We pride ourselves on our already-competitive pricing at CafePress. But did you know we also offer discounts at certain levels? Find price breaks at 2, 6, 12 24 units. And with larger quantities, save up to an additional xx%! (So, for all you value-seekers out there, the more you buy, the more you save.) What a deal!

    Want to view our pricing schedule? For exact prices on particular products and number of units, check out the bulk price list here

    And if you’d like additional assistance or need customized .help with a bulk order, please:

    “Love it! Great customer service, awesome products and they arrive very fast!”

    “CafePress has a great website which is easy to use and has so many great products that I had a difficult time trying to choose which items to buy. I found the ordering experience was one of the most rewarding I have had online shopping as I was able to order what I wanted and customize it too! Great site, great products and great service. “

    “I have ordered numerous products from CafePress and have loved them all.”

    “I had no idea that I could design a shirt and buy only two (or even one of them). And on top of that, that I could get help doing it. I am just thrilled. Thank you so much.”


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  • 26 Creative Business Cards That Aren – t Even Cards – TwistedSifter #business #process

    #creative business cards

    #

    TwistedSifter

    26 Creative Business Cards That Aren t Even Cards

    Contact information has gone digital but that doesn t mean the traditional business card no longer serves a purpose. Business cards these days are used to make an impression. They can be great marketing tools for your services and a memorable card can lead to new opportunities.

    Below you will find a collection of 26 of the most creative business cards that aren t even cards in the traditional sense. They do however, make an impression and break through the noise.

    1. LEGO employees have the best business cards

    2. Bike tool that fits in your wallet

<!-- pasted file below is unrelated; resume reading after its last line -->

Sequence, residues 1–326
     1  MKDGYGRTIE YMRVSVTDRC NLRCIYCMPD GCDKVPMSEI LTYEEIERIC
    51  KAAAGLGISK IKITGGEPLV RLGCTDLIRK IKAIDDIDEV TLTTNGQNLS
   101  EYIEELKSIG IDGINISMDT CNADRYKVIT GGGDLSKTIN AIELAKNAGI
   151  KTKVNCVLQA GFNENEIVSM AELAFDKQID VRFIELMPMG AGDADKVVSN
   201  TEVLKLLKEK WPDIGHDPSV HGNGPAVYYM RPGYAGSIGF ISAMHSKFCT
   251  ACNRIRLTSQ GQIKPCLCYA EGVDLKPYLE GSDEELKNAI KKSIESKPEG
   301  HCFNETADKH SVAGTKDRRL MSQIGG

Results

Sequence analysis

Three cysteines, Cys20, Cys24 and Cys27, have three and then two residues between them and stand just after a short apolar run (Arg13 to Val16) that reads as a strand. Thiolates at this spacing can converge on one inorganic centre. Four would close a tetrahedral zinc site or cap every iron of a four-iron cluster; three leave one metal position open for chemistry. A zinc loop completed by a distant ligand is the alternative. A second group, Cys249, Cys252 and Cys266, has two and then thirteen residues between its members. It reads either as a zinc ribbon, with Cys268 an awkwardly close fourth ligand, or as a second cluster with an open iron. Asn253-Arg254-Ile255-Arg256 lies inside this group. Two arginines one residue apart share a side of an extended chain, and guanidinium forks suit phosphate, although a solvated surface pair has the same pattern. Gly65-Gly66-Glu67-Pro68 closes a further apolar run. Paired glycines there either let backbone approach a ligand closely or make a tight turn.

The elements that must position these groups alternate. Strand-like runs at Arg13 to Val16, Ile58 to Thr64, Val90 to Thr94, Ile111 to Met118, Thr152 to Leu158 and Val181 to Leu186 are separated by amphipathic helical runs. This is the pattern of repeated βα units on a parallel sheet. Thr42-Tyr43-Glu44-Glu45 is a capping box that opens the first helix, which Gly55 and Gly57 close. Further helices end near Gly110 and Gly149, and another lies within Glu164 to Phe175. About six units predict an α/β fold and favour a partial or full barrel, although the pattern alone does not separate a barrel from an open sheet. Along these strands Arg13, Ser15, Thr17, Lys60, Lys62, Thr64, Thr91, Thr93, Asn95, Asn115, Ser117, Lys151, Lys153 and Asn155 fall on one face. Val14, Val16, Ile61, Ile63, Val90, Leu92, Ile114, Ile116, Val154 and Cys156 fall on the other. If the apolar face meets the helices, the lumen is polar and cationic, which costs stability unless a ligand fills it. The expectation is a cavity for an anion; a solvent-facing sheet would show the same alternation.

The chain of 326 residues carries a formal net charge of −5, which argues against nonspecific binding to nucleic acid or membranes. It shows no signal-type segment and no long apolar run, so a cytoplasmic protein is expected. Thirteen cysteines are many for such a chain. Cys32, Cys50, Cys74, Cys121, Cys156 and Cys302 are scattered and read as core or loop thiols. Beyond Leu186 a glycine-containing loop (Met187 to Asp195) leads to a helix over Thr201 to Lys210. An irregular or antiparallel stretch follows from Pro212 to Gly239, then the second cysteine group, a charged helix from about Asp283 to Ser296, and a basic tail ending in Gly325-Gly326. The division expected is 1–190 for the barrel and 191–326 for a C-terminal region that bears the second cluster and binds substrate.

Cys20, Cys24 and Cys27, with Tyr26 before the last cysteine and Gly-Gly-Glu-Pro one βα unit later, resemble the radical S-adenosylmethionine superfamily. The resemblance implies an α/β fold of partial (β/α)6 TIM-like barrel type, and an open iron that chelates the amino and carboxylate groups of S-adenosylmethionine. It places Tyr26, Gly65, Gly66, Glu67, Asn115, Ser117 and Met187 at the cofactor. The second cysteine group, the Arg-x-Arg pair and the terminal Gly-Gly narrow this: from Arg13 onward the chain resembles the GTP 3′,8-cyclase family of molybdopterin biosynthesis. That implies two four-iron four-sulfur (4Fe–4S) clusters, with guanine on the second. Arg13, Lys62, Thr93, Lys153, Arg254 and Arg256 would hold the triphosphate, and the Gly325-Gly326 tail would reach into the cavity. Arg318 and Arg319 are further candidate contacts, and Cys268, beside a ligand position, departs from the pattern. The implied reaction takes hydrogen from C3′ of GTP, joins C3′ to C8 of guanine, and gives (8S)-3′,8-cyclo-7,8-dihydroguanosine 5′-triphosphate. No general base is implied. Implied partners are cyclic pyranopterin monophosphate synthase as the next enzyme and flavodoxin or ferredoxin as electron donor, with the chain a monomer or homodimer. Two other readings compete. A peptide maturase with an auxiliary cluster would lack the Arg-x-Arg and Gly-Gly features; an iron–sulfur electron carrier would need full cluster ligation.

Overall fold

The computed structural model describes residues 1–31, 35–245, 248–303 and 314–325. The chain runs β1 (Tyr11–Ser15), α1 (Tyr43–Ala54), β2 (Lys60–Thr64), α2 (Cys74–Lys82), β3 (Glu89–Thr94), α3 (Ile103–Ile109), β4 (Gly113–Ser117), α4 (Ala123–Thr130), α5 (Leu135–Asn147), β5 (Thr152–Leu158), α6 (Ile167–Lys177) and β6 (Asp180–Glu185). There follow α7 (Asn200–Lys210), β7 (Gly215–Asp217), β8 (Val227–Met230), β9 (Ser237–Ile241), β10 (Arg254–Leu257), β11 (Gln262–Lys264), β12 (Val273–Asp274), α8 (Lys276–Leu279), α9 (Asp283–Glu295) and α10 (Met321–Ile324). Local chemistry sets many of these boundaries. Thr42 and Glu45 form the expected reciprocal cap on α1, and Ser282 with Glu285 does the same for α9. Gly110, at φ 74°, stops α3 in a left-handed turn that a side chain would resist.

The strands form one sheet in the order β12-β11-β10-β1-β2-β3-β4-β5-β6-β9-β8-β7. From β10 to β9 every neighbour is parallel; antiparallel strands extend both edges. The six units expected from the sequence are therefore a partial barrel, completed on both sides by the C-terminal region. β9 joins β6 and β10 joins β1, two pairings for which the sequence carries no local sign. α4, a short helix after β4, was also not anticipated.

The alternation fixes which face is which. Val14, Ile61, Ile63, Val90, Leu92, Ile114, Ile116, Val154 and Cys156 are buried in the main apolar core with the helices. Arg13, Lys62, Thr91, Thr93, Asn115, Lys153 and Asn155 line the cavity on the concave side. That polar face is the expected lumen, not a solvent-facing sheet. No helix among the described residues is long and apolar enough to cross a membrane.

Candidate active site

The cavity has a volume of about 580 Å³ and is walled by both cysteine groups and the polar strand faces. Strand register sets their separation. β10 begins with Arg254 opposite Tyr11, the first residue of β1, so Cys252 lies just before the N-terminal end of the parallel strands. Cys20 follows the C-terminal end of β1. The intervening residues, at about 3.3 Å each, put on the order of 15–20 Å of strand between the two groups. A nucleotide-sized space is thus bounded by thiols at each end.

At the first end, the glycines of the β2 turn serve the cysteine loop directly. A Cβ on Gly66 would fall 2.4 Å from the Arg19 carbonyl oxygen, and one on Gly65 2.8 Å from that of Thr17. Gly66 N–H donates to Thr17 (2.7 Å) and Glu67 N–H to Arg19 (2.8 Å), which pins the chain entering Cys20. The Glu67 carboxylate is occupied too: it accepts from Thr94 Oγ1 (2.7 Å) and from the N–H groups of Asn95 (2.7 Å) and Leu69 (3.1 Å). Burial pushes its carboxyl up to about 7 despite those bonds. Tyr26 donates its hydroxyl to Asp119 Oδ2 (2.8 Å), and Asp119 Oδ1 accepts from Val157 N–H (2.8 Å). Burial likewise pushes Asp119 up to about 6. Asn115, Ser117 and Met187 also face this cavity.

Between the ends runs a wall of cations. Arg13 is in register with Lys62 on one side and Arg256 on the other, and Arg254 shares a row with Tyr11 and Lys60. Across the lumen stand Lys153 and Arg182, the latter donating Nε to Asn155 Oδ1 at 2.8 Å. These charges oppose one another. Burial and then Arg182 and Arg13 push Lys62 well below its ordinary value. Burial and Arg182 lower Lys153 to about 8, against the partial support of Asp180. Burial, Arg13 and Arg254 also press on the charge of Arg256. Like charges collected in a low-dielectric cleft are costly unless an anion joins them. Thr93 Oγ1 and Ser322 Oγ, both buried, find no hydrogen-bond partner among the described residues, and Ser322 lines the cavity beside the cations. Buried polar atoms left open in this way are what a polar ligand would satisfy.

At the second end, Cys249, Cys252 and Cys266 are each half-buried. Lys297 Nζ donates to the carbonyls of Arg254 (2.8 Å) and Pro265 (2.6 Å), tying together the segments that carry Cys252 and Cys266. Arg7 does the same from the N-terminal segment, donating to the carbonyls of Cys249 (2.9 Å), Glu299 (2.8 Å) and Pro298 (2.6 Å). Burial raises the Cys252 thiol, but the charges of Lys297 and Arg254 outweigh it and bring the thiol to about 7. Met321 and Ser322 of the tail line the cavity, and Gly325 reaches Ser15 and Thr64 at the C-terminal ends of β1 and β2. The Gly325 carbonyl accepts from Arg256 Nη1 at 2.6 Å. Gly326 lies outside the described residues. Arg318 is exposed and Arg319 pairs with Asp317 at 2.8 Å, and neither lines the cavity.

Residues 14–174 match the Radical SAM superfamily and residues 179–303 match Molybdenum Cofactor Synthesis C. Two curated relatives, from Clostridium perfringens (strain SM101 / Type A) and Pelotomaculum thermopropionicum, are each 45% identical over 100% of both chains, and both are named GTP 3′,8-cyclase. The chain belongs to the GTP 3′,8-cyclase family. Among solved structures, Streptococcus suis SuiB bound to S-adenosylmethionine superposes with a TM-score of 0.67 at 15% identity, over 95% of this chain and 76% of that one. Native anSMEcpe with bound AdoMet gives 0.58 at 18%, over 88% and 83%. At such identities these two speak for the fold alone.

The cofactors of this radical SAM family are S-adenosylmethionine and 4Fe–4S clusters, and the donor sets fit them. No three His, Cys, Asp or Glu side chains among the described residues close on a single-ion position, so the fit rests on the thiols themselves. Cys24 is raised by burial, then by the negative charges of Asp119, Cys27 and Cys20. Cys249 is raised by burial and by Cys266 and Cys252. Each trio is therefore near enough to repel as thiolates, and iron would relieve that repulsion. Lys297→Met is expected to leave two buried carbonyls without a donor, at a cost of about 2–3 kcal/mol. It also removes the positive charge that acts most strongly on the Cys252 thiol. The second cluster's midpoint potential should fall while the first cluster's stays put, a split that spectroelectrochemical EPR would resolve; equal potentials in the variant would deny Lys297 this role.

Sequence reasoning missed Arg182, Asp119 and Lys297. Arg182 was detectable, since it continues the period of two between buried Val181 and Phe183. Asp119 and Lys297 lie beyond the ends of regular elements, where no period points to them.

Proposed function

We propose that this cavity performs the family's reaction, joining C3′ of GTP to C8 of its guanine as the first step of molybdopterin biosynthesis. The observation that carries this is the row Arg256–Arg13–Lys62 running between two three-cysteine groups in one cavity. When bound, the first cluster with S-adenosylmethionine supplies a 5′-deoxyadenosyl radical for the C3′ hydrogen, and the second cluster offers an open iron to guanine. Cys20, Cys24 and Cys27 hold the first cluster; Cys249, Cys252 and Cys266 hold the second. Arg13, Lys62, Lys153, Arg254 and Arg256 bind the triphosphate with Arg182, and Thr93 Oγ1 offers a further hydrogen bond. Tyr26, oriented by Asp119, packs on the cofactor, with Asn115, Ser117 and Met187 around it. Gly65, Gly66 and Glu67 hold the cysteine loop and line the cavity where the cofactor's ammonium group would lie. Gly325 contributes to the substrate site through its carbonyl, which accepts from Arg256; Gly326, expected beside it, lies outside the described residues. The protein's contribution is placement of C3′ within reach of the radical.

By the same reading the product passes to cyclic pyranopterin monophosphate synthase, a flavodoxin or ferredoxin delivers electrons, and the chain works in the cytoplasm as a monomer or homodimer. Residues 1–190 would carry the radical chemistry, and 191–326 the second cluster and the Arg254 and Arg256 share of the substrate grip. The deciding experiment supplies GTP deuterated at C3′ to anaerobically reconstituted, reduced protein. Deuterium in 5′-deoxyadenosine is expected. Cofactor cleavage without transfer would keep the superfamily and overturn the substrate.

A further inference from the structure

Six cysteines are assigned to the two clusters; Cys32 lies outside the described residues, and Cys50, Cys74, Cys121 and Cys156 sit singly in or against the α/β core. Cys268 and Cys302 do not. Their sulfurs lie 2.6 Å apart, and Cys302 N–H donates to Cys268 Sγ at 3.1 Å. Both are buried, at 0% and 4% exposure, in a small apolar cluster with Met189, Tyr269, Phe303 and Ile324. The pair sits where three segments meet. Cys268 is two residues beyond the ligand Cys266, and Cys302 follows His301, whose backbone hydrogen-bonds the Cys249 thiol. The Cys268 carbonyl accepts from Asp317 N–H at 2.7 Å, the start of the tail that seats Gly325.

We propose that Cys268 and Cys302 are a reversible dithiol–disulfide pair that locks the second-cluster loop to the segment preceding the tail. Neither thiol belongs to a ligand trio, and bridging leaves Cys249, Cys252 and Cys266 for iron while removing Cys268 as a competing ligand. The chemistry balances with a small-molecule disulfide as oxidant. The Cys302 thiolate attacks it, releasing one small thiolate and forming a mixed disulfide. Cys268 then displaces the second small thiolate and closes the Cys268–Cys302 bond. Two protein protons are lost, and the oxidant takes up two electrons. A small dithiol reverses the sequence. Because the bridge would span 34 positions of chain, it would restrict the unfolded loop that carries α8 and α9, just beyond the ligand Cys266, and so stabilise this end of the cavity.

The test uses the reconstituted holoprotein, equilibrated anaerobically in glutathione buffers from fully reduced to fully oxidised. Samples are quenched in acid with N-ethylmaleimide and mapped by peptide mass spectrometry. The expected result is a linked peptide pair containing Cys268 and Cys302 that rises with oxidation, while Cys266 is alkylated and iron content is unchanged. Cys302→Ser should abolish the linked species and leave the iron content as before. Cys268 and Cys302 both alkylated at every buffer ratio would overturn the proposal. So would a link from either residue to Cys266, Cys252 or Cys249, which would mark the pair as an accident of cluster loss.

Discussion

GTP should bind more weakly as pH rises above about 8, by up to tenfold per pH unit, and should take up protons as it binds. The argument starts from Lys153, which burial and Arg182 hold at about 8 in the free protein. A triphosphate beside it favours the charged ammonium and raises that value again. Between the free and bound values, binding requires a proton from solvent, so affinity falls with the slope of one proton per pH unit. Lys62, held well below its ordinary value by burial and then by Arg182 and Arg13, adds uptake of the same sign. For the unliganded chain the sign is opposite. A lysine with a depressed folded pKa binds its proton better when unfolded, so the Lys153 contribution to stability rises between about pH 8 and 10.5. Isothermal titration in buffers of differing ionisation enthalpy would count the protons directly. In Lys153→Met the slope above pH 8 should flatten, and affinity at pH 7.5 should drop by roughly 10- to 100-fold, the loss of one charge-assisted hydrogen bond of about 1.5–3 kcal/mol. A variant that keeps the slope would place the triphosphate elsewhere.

3. For Personal Trainers

    4. Business card caliper

    5. The Cardapult : Business card catapult

    6. Business card coins

    7. Business cards for plumbers

    8. Beef jerky business card is good for a year

    9. Music to your eyes

    10. T Make a seat

    11. Jack of all trades

    12. Cheese grater for cheese shop

    13. Business card skateboard deck

    14. Musical business card comb

    15. Lavender sachet business card

    16. Frame of mind

    17. Delivery box business card

    18. Problem solving business card

    19. Fabric business card

    20. Stand up for creativity

    21. Business card ring sizer for Jewellers

    22. Yoga mat business card

    23. Business card chocolates

    24. Lock pick business card

    25. For growing businesses

    26. This business card plays Tetris

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    Denver Business Journal warns some renewal notices aren – t legit – The Denver

    #denver business journal

    #

    Denver Business Journal warns some renewal notices aren t legit

    The Denver Business Journal has alerted subscribers that they have no connection with United Publishers Network, a company sending out renewal notices for subscriptions that have not expired.

    They are not authorized to offer our subscriptions. If you received one of these notices or phone calls, we suggest you ignore it, a message left on subscribers phones said Monday morning.

    United Publishers Network is accused of improperly soliciting subscription renewals for magazines and newspapers, including the Denver Business Journal and other publications in the Charlotte, N.C.- based American City Business Journals newspaper chain.

    ACBJ is attempting to determine how United Publishers Network obtained its subscriber list.

    American City Business Journals parent company has our in-house counsel doing the due diligence right now to figure out exactly what we need to do to get these guys to stop, Denver Business Journal publisher Pete Casillas said, adding that UPN s solicitation is more or less a scam. In the meantime, our position has been to inform our subscribers that these folks are out there and to disregard their notes.

    We do know that no credit-card information has been compromised, he said.

    In the past three years, the Better Business Bureau has received 875 complaints against United Publishers Network, including 153 problems with the product/service and 371 billing/collection issues.

    Carol Garton, vice president of marketing for the Better Business Bureau Denver/Boulder, said that United Publishers Network has an F rating from the BBB.